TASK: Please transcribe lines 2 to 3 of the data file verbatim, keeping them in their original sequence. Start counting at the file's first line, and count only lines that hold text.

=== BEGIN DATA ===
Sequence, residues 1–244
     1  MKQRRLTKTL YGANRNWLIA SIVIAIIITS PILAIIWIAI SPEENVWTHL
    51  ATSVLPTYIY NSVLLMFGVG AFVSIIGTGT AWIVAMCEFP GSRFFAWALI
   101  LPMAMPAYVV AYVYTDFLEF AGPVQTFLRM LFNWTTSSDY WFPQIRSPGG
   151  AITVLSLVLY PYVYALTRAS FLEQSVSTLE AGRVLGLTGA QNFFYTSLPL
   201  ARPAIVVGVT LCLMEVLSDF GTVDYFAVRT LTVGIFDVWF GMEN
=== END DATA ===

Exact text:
     1  MKQRRLTKTL YGANRNWLIA SIVIAIIITS PILAIIWIAI SPEENVWTHL
    51  ATSVLPTYIY NSVLLMFGVG AFVSIIGTGT AWIVAMCEFP GSRFFAWALI